I’m promoting a different kind of ALS awareness this month

Tips on how to be cautious about too-good-to-be-true treatment claims

Dagmar Munn avatar

by Dagmar Munn |

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I love learning about all the great activities happening during ALS Awareness Month, but I also worry that we’re attracting the attention of unscrupulous health advocates and clinics who target vulnerable ALS patients and their families. My health-fraud antenna is on high alert.

Spending 30 years managing the first hospital-based complementary and alternative medicine center in Iowa helped me fine-tune the skill of knowing if a therapy was legitimate or not. If there was valid research confirming the benefits of an alternative therapy, we were allowed to offer it. Thus, I learned how to read research documents inside and out.

Lately, I’ve seen an increasing number of nontraditional ALS treatments that claim to be legitimate being offered. After flying under the radar for years, these dodgy health advocates have built professional websites and offer webinars, newsletters, and more, just to sell their “cures” to unsuspecting ALS patients.

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Why are we so vulnerable?

It’s a loss of trust in the medical system, and I’ve felt it, too. When I noticed my walking was off balance, and after a few falls, I visited my doctor. I had always trusted my doctors to tell me what was wrong, how to fix it, and when I could get back into the swing of life.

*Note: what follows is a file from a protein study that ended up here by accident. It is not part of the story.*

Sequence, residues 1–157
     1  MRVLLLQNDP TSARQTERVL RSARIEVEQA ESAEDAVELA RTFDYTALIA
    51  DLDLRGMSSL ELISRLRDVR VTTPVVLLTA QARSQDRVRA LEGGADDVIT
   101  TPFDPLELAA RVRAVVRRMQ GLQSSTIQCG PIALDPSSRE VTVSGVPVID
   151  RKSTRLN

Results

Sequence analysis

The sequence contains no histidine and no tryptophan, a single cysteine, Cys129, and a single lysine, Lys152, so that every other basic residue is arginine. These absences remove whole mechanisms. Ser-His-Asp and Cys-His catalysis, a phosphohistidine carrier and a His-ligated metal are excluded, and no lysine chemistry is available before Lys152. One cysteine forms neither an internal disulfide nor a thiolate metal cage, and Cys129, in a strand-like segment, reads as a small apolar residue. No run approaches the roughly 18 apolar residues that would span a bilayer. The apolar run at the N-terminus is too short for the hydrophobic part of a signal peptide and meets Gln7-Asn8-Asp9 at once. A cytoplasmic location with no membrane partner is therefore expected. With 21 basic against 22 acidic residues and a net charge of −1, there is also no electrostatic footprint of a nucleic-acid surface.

After going through an arduous diagnosis process, my doctor told me it was ALS. But there’s still no prevention or cure, and it might be a long time before scientists discover one.

Like many ALS patients, I felt like the rug was pulled out from under me. The same feelings of shock surface when we’re told the ebbs and flows of symptom progression make it difficult to create a long-term medical plan. We’re told, “Let’s wait and see if anything changes in a couple of months.”

This is where many patients feel frustration and desperation. Their body clock is ticking and they can’t wait months or years. They need help now and they tell themselves, “By golly, I’m going to find out how to fix it myself.”

Who shows up?

Ranging from well-intentioned health practitioners to totally unscrupulous “experts,” they offer a sense of hope to ALS patients that the medical world can’t compete with.

I’ve read the websites of practitioners who became passionate about a theory. Even though that theory was rejected by mainstream medicine, they found a way to open a business and offer their proposed treatment to desperate patients.

Then there are the totally dishonest businesses that don’t see patients as human beings but as dollar signs. Their online articles and testimonials sound convincing. They lead readers through a convoluted concept of basic nutrition, digestion, and physical science and hope to tap into patients’ beliefs that they can be miraculously cured.

I’ve been amazed to read that I supposedly have brain fungus, a leaky gut, liver disease, low chi, and my body is overflowing with toxins! I must be the healthiest feeling sick person ever.

Nevertheless, ALS patients have had their dental fillings removed, paid for expensive blood tests, and loaded their kitchen counters with vitamins and powders. It’s visual, it’s comforting, and patients convince themselves that they’re doing something.